The company had two main requirements: the refinancing of £3.5 million in existing debt and a new facility that would allow Inspired to make acquisitions when opportunities arose. Inspired was keen to complete the deal ahead of its first major results statement since flotation. Companies that list on AIM are subject to constant scrutiny by existing and prospective investors, with the focus typically on the growth plan of the business. As such the investor relations activity first annual results statement was an important moment for the company. It provided the opportunity to tell a positive story, not just in terms of historical data, but also for its growth prospects in the future. In that regard, it was seen as vital to get an appropriate finance package confirmed in time for this event.
“We had to move very quickly,” says Santander Relationship Director, Simon Carrier. “We began talking to Inspired on a Thursday. By the following Monday we were credit approved and by Wednesday we had negotiated final facility documents with lawyers. Perfecting the security to completion took another week.”
Santander’s credit department, which ultimately approves or rejects loan applications, was brought into the loop of discussions to ensure that completion was not delayed by an approval process taking place on a different timeline. David was impressed by the speed with which the deal was completed. “The whole process took no more than three weeks,” he says.
A dividend made possible
In addition to refinancing the £3.5 million in outstanding debt, Santander agreed a £1.5 million facility that could be drawn on for acquisitions, but there was another important element in the agreement. “The new funding package enabled us to pay a dividend totalling around £450,000 to our investors,” explains David. “That was specified in the terms.” Paying a dividend under the previous arrangement would have been more difficult. The funding package – which also included clearing banking – was completed in time for the results statement. The impact on the company’s value was significant. When the dividend announcement of 0.11 pence per share was made in March, Inspired shares were priced at 4.62p. Shortly afterwards the price spiked to a peak of 5.5p before steadying well above the 5.00p mark in subsequent months. The share price continued to grow and by July stood at 6.00p.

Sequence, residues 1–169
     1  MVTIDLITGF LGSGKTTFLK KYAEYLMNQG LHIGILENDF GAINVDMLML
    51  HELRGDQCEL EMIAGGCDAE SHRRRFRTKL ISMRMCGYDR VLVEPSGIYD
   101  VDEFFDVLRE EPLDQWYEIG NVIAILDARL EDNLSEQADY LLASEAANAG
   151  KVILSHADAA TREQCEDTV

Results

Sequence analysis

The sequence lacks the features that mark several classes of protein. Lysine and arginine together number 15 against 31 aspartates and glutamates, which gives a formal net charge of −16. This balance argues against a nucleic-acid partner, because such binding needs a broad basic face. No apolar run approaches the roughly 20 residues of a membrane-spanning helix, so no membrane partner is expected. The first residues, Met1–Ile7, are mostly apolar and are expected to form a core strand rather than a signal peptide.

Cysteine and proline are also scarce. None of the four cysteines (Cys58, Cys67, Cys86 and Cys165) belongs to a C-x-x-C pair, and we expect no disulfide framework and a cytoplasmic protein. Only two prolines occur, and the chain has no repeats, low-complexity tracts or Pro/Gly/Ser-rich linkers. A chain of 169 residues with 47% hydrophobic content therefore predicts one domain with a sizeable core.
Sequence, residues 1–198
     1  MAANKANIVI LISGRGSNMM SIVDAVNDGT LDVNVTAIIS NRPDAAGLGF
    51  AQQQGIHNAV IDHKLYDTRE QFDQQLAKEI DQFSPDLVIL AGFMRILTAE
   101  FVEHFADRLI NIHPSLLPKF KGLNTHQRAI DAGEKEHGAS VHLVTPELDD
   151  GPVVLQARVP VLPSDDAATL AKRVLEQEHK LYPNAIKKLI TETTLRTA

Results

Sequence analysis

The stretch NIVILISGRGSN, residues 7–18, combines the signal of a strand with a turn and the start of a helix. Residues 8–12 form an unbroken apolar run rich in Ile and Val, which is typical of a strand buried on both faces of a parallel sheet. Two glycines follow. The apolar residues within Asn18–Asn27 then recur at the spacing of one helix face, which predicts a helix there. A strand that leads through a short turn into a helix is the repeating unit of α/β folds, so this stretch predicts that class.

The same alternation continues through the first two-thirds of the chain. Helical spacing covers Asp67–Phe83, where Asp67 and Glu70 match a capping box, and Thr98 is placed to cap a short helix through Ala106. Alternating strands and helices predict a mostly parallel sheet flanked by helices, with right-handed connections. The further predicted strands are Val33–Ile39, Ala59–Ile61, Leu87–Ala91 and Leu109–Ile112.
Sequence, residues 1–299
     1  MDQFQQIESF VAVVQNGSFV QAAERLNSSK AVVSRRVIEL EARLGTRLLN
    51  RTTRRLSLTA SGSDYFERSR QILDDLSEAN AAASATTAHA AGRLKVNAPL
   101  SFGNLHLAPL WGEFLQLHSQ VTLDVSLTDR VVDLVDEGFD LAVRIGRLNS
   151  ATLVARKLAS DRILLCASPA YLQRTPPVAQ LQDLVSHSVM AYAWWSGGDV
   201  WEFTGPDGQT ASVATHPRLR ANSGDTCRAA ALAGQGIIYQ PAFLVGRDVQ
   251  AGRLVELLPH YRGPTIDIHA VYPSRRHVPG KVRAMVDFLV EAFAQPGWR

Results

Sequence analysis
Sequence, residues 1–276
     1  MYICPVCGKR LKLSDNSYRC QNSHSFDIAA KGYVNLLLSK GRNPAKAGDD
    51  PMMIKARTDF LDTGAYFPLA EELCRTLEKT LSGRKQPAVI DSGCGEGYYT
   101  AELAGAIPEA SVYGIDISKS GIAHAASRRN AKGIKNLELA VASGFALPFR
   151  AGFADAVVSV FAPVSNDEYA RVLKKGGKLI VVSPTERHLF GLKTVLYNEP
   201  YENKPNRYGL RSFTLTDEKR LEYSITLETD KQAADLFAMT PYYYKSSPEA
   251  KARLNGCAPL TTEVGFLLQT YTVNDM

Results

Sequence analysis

“The statement and the dividend were very well received by our investors and that was reflected in our share price,” says David.
With Santander funding in place, Inspired is now planning to increase its market share. “We intend to grow organically and by acquisition,” says David. “The facility provided by Santander is central to those plans, as the company can negotiate in confidence now that funding is available.”
In particular the company is focused on acquisitions that will expand its geographic footprint, give it additional service capabilities or give it a foothold in new business sectors. Meanwhile, the company is seeking to continue a growth curve that has seen turnover rise from £4.1m on admission to AIM to current levels above £5m.
And as Santander’s Simon Carrier sees it, Inspired Energy is now well positioned to continue on a rapidly rising growth curve. “The company has the vision and sense of purpose that will enable it to take advantage of consolidation within its sector of the energy market, backed by a credit facility that is there when required.”